he early morning fog was lifting from the Diablo and Santa Cruz mountain ranges as 65 second graders unloaded from a yellow school bus and walked across the exuberantly green floodplain of Gonzales Farm.
This flatland just outside of Gilroy stretches between the two coastal ranges, glowing green following the December rains like a glorious pastoral scene pulled from a picture book of California agriculture. Yet next to a grazing field an 8-foot wide channel, the only sign of the Pajaro River, suggested the contemporary changes cultivation has brought to the landscape. This land, once dominated by expanses of perennial freshwater wetland and seasonal wet meadow, was reclaimed in the 1870s and has been in use for agriculture ever since.
Restoring some semblance of habitat, while preserving the pastoral use and feel, is the goal of The Nature Conservancy (TNC), which own the property and leases the land to a local rancher.
Enter those kids. Students from a school in nearby Watsonville, they’re part of Point Blue Conservation Science’s Students and Teachers Restoring a Watershed Program (STRAW). One plant at a time, STRAW’s young volunteers will restore a corridor for migrating animals along the Upper Pajaro River. This is STRAW’s first collaboration with TNC, but like other STRAW projects, it marries vision with implementation: an idea about landscape restoration and an idea about the way the people who live, work, and play on that land can – and should — be part of restoring it.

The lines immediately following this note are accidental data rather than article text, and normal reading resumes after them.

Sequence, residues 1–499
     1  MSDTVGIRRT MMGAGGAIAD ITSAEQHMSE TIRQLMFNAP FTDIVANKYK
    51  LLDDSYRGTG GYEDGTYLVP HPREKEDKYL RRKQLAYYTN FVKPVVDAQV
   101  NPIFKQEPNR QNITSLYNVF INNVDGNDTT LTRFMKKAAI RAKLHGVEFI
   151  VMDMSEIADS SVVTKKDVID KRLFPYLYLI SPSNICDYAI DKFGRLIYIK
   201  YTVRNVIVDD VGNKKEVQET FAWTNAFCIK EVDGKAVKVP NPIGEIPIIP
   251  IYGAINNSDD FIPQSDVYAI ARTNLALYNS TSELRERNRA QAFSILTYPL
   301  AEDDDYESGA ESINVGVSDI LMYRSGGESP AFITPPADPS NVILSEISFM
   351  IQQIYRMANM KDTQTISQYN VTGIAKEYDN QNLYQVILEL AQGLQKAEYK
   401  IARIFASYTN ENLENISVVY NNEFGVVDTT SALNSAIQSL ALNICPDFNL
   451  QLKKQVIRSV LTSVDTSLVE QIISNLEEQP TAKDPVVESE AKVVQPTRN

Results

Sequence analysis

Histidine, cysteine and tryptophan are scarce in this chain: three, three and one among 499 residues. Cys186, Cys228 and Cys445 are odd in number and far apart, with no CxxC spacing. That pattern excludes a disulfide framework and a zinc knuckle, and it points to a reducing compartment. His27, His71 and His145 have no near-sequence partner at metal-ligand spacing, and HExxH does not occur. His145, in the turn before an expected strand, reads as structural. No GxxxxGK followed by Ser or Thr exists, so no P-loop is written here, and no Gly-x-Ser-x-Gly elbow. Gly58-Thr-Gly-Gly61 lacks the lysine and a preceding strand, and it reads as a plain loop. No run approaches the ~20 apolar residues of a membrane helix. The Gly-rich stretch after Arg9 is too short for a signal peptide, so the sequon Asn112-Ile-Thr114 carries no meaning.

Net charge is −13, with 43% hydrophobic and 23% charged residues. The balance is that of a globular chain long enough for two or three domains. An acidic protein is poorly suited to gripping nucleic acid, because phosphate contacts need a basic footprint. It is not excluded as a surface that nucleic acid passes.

lex Gonzalez, the parent of one of the second grade volunteers, grew up in Watsonville and knows this stretch of the river well. “We used to collect hay from here,” he said, pointing towards the empty field in front of us and shrugging his shoulders. “There has been a lot of change. There used to be dairy farms, a slaughterhouse, and apple orchards. Now it’s residential. I’ve watched the apple orchards being taken out. It’s sad to see. It takes away memories.”
Along with increasing population, historically intensive farming and canal diversions have changed the Gonzales parcel. The Pajaro River used to flow through a channel here before being diverted into a canal built by early-20th century cattle tycoon Henry Miller to irrigate his ranchlands. Miller’s name, found on streets and parks in Gilroy today, is a reminder of the legacy of the town’s farm economy. Agriculture and ranching are an inextricable part of the identity of this land and community.
The Gonzales farm, of course, isn’t a natural landscape; it is a working one. But enough time has passed since its cultivation that wildlife has figured out how to survive on these lands and it’s a concern when they become threatened. The Nature Conservancy worries about degraded habitat along the river, development in the floodplain, loss of agricultural lands, and lack of pathways for wildlife to cross between mountain ranges that need room to find food and reproduce.
Gonzalez and his children, and his children’s friends, are the chance to reverse those declines and build a new narrative around the idea that restoring this channel as a habitat can have a positive impact for the land, animals, and community.